Sacrificial Plants To Help Your Edible Garden Grow

12 Plants to Deter Pests From Your Edible Garden

Do you plant marigolds with your tomatoes and radishes with your leafy greens?

Using sacrificial or companion plants is a natural pest control method that avoids pesticides and other toxins in the garden. These plants act as a decoy for slugs, snails, white flies, and other pests looking for a snack in the veggie patch. Although their veracious appetites are frustrating for gardeners, these pests also benefit the soil and the garden through pollination. The sacrificial plant provides a food source while keeping the rest of the garden out of danger.

Sow or plant sacrificial plants early in a perimeter around what you hope to protect. Each decoy attracts different pests, but a good rule of thumb is to plant one decoy plant for every six you want to save.

Sacrificial plants in the garden


Aphids, blackflies, and whiteflies love nasturtiums. Plant around roses and the perimeter of the vegetable garden. Before long, the stems will be covered with munching insects. Plant nasturtiums in succession throughout the growing season. As each crop becomes saturated with pests, dispose of it in the compost. Not only do nasturtiums attract the unwanted, but they also add bright color and interest to your space.



To prevent vine weevils from feasting on rhododendrons or the tender shoots of clematis, pot up primroses and place them around the main plant. When the primrose leaves fall off, it’s a sign that the nasty weevil larvae are in the primrose pots and must be disposed of immediately.

Stinging Nettle

Aphids flock to nettles, so they are good choices for rose beds where aphids tend to feast willingly on new growth or close to eggplant and tomato crops. Plant early in the season. Nettles tend to spread, so consider planting them in pots that you can place discretely in the garden bed. Doing so will keep the garden looking tidy and also prevent you from being stung by them when watering or pruning.

stinging nettle


Plant marigolds in succession throughout the growing season. These pretty annuals are perfect companions for most vegetable crops and help keep the slugs and snails at bay.



Plant radishes liberally throughout the vegetable patch, and the flea beetle and root fly will not pay attention to the cabbage.


The strong lavender scent we love is famous for deterring many biting bugs away from other plants. As a bonus, lavender attracts beneficial insects such as bees and butterflies to the garden.


Once fully matured, sunflowers are like a magnet for unwanted insects such as stink bugs, keeping your sweetcorn and okra crops safe.


This powerfully scented herb deters carrot flies, flea beetles, onion flies, aphids, and black flies. Use it as a sacrificial ground cover and in the kitchen!


The scent of onions deters aphids. Growing them alongside strawberries can also help prevent moldy fruit.


Many gardeners have problems with rats. They don’t like the smell of green and white sage and will keep away if they pick up the scent. Plant it throughout the veggie patch or hosta garden to keep the rodents away.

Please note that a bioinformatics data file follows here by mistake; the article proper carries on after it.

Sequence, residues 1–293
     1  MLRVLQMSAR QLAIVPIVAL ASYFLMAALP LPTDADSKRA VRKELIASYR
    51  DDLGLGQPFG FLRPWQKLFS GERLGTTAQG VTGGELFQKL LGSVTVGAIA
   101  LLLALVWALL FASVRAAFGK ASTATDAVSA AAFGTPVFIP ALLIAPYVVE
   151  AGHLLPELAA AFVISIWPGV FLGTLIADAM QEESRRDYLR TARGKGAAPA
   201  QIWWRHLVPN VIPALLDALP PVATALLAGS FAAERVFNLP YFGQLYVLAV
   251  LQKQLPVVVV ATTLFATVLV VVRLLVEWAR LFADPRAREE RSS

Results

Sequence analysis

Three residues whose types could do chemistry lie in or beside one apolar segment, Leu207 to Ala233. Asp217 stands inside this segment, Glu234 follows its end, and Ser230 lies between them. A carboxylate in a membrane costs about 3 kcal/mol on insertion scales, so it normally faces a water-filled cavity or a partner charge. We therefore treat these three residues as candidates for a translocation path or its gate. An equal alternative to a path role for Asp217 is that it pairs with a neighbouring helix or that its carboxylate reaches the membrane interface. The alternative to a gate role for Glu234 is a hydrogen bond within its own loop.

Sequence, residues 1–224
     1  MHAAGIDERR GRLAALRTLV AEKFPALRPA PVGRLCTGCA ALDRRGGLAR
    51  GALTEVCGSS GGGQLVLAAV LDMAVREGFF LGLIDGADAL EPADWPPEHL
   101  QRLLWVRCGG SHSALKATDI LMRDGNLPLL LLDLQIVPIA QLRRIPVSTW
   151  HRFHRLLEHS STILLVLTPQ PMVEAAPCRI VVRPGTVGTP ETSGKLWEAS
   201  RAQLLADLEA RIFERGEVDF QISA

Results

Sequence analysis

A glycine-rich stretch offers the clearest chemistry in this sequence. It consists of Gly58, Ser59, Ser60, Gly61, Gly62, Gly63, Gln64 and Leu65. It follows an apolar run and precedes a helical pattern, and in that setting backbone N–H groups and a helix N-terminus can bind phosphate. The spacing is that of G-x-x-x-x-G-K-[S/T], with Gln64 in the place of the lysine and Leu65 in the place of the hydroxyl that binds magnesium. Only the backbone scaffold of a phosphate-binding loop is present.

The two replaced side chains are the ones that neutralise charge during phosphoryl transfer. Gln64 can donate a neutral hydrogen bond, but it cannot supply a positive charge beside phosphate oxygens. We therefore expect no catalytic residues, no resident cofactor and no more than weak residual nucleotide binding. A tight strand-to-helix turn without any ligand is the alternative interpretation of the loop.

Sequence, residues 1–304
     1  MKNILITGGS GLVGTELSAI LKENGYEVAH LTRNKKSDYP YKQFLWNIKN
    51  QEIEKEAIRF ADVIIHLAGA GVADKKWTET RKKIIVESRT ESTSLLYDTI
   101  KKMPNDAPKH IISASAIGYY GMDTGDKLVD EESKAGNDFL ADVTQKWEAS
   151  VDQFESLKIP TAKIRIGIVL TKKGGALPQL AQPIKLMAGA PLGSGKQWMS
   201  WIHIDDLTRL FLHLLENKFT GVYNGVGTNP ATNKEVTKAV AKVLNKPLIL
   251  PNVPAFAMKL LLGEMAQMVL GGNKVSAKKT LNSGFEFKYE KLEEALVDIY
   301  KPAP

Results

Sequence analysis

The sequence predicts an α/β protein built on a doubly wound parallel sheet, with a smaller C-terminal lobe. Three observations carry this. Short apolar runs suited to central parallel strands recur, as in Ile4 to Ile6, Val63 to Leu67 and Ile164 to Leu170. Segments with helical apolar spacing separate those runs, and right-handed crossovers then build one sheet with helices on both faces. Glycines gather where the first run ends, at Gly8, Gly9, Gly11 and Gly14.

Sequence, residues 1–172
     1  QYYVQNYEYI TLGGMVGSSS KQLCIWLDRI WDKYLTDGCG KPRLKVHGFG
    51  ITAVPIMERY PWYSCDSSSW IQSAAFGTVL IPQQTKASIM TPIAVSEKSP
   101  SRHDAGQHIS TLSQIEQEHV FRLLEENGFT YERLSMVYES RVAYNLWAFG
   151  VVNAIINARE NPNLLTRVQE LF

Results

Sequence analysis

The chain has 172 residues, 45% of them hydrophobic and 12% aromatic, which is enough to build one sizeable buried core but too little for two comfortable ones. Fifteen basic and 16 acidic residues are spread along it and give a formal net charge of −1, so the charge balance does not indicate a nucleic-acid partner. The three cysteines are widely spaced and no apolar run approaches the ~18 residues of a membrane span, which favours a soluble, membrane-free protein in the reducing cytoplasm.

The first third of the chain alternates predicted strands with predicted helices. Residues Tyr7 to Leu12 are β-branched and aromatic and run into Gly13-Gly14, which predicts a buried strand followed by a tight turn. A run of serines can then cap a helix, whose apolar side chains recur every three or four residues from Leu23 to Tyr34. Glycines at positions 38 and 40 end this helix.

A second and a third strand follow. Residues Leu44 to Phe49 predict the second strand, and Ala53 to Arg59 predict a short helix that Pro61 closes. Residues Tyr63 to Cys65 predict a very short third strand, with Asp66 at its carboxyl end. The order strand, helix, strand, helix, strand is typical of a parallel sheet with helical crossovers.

The strong citrus scent of lemongrass is also disgusting to mice and rats!


Plant daffodils to keep the squirrels away. They despise the smell of the flowers and bulbs. After the spring favorite finishes for the season, leave the bulb in the ground, and the garden will remain squirrel-free.

These decoy plants will add color and interest to the garden and keep the beneficial insects happy and those with big appetites so the plants you love the most remain free of pests.

Marigolds and other flowers growing in the garden

Similar articles

Grow Lavender For Its Many Wonderful Medicinal Properties

Lavender is known for helping people feel calm and relaxed, but as Caroline Rivard writes, these gorgeous purple flowers offer so many health benefits!

Medicinal Weeds: Stinging Nettle

It hurts when you touch it, but stinging nettle is great for the body. Don’t banish the weed from the garden; take advantage of its many health benefits!

Why IPM is the Secret Solution to Your Gardening Success

The more you use insecticides, the less they work to keep plants bug-free. Colin Bell talks integrated pest management and why it’s crucial to a healthy garden.

Leave a Comment

Your email address will not be published. Required fields are marked *


Invited by the Canadian Garden Council to be an ambassador for the Year of the Garden 2022, Jennifer is a garden enthusiast, writer, and alumni of Simon Fraser University. Her bylines have appeared in the opinion section of the Toronto Star, and her portfolio includes articles for Chatelaine online, Reader’s Digest, Canada’s History Magazine, and Modern Farmer magazine, among other newspapers, magazines, and websites across Canada. When not writing, you can find her visiting local garden centers or puttering, planting, and nourishing her urban garden oasis in beautiful Vancouver, British Columbia.